First off, I'd like to draw everybody's attention to the Digital Native newsfeed I added to my blog this morning. It comes from the Berkman Center at Harvard, which I posted more about yesterday.
Also through the Berkman Center, I came across a link to danah boyd's blog. Boyd is a fellow at the Harvard Berkman Center and a researcher for Microsoft who deals with new media issues, such as privacy and identity. I found a good amount of posts on this blog that have helped me to better understand my topic, such as the post "Facebook and radical transparency (a rant)" and "Pew Research confirms that youth care about their reputation".
So, do danah boyd and I agree on identity issues in the online world, you ask? Her ideas have definitely helped me consider new facets of my argument, such as the tie between identity and privacy. In her Facebook rant post mentioned above, boyd argues that Facebook ought to do a much better job of keeping people informed about how their privacy settings are configured. We must have the right to choose and consent to our identity in cyberspace. If people want to be very public, such as boyd, who makes herself public through Facebook and Twitter, that's great--but they ought to have the right to know exactly what information is being published.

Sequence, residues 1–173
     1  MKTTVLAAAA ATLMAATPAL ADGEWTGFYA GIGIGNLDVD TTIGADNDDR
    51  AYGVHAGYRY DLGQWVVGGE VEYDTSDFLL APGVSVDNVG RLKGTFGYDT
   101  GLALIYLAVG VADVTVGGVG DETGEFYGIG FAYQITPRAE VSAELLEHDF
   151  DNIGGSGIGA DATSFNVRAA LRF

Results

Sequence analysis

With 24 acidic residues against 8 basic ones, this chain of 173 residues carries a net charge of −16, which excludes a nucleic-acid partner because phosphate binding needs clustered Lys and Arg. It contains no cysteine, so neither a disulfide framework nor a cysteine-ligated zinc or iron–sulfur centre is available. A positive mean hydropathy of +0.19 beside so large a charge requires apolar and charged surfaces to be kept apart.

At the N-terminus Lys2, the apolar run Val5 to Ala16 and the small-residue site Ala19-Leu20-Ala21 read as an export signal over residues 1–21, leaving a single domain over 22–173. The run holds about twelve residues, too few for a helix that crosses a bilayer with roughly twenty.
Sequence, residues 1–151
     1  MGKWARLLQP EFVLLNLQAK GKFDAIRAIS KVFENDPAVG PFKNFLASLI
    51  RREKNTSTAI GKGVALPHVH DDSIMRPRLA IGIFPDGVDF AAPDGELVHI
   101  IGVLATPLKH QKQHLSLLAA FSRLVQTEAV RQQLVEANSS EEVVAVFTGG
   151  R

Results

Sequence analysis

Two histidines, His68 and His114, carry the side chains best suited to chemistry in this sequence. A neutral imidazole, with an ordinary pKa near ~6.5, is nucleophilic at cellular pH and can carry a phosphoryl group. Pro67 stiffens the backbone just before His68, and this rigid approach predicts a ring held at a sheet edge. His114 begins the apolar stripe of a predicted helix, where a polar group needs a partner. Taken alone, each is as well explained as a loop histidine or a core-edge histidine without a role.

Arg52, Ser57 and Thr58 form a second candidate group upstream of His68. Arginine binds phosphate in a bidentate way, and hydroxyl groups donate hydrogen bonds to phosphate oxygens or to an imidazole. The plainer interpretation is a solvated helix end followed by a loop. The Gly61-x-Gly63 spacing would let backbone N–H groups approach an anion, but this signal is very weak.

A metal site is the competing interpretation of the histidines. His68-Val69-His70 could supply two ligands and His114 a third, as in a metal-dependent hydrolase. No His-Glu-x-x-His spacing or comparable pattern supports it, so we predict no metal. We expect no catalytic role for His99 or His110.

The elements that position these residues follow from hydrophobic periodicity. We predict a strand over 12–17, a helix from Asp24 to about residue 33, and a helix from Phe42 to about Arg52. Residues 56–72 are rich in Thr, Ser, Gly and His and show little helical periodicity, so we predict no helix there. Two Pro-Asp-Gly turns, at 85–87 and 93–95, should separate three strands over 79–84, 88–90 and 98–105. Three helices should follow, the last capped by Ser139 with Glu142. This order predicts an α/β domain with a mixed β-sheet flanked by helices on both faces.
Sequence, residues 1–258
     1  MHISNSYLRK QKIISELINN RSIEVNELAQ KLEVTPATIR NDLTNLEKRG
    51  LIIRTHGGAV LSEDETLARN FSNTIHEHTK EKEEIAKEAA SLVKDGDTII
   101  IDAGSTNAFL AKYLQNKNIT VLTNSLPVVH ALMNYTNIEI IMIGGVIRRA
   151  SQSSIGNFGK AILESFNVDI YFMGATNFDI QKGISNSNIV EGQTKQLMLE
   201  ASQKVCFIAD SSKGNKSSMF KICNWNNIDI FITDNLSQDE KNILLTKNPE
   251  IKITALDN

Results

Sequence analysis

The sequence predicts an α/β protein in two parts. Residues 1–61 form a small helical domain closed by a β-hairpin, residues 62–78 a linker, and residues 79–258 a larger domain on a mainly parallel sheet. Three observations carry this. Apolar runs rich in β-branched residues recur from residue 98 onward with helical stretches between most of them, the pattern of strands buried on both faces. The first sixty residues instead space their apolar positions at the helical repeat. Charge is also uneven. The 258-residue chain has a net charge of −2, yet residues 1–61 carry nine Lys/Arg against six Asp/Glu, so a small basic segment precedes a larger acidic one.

Boyd's rant came in response mostly to Mark Zuckerberg, and the changing of Facebook's privacy standards. Zuckerberg said “You have one identity… The days of you having a different image for your work friends or co-workers and for the other people you know are probably coming to an end pretty quickly…"
So where do I fall in this debate? Well, I guess I agree more with boyd. People care about their online identities, and they ought to be able to control those identities. I'm still trying to figure out if boyd would agree that this measure of control over multiple identities is basically the same as forming an aggregate online identity. Like one of boyd's commenters said, "truth is the aggregation of a gazillion interactions." So that's where I'm headed in my research process right now.